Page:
Comic book death
In the comic book fan community, the apparent death and subsequent return of a long-running character is often called a comic-book death. While death is a serious subject, a comic-book death is generally not taken seriously and is rarely permanent or meaningful. Commenting on the impact and role of comic book character deaths, writer Geoff Johns said:
Death in superhero comics is cyclical in its nature, and that's for a lot of reasons, whether they are story reasons, copyright reasons, or fan reasons.
A common expression regarding comic book death was once "The only people who stay dead in comics are Bucky, Jason Todd, and Uncle Ben," referring to the seminal importance of those characters' deaths to Captain America, Batman, and Spider-Man respectively. However, after the former two were brought back in 2005, the phrase was changed to only recognize Uncle Ben.
Some comic book writers have killed off characters to gather publicity or to create dramatic tension. In other instances, a writer kills off a character for whom he/she did not particularly care, but upon their leaving the title, another writer who liked this character brings them back. More often, however, the publishing house intends to permanently kill off a long-running character, but fan pressure or creative decisions push the company to resurrect the character. Still other characters remain permanently dead, but are replaced by characters who assume their personas (such as Wally West taking over for Barry Allen as The Flash), so the death does not cause a genuine break in character continuity. At other times, a character dies and stays dead simply because his or her story is over.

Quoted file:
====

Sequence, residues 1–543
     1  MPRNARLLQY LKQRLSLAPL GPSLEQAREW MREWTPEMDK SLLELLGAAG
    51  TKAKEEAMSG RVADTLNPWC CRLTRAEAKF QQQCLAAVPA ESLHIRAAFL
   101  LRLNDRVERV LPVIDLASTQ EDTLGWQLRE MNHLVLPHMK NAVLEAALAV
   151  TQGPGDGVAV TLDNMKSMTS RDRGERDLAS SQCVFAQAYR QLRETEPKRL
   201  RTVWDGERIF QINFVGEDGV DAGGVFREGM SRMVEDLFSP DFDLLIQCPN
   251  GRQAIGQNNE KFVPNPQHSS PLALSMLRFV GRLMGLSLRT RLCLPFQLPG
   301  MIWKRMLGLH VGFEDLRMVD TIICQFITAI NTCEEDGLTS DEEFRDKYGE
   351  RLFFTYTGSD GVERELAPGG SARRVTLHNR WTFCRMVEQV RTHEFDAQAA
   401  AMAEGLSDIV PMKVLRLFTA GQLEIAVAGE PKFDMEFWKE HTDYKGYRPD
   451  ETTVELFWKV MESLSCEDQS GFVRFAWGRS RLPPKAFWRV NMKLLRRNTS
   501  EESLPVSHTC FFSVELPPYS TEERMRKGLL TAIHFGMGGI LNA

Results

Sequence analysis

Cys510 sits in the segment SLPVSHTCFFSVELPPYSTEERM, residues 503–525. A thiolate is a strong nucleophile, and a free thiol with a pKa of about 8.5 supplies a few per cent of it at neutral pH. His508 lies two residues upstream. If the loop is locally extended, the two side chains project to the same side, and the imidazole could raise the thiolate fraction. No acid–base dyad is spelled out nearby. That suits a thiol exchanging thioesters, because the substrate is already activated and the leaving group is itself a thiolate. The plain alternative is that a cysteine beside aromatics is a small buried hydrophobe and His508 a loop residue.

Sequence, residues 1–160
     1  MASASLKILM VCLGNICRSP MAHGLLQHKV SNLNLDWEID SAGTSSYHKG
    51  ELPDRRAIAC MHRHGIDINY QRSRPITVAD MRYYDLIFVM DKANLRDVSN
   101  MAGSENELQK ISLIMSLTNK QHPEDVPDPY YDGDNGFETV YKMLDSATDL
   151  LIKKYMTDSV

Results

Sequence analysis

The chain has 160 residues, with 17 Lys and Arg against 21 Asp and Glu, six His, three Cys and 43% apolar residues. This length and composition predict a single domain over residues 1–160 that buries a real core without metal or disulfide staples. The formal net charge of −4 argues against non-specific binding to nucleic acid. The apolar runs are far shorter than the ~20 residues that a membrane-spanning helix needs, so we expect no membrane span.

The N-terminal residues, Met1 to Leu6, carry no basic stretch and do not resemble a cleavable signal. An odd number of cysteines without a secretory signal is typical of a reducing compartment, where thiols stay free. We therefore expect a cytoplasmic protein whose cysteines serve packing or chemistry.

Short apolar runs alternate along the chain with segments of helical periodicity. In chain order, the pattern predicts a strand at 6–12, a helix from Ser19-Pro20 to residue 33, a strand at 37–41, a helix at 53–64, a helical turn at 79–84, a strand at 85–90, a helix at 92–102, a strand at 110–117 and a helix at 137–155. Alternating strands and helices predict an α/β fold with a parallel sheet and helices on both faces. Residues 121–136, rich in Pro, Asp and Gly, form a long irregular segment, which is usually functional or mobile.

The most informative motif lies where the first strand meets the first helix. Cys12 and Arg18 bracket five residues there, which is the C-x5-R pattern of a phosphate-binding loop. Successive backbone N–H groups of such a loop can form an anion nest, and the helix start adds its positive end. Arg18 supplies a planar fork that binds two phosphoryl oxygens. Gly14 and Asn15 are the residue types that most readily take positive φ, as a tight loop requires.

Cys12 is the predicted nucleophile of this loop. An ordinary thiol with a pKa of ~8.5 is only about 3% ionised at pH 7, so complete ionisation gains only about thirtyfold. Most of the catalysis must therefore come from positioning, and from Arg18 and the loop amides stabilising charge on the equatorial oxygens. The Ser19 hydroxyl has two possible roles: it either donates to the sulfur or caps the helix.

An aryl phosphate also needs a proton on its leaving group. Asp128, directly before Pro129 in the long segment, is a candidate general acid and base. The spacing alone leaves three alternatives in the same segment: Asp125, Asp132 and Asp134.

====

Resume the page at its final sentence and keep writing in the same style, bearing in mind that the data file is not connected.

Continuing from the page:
The term "comic book death" is usually not applied to characters such as DC's Solomon Grundy and Resurrection Man or Marvel's Mr. Immortal, who have the ability to come back to life as an established character trait or power; rather it is usually applied when one would normally expect death to be permanent but the character is later resurrected through a plot device not previously established.
The majority of comic-book deaths are due to premature deaths such as being killed in action. The so-called floating timeline of the major comic book universes generally precludes the death of most characters from age-related causes. This holds true even for supporting non-superhero characters such as Aunt May who is consistently depicted at being of an advanced age and has had at least two comic book "deaths" in the course of the Spider-Man comics run.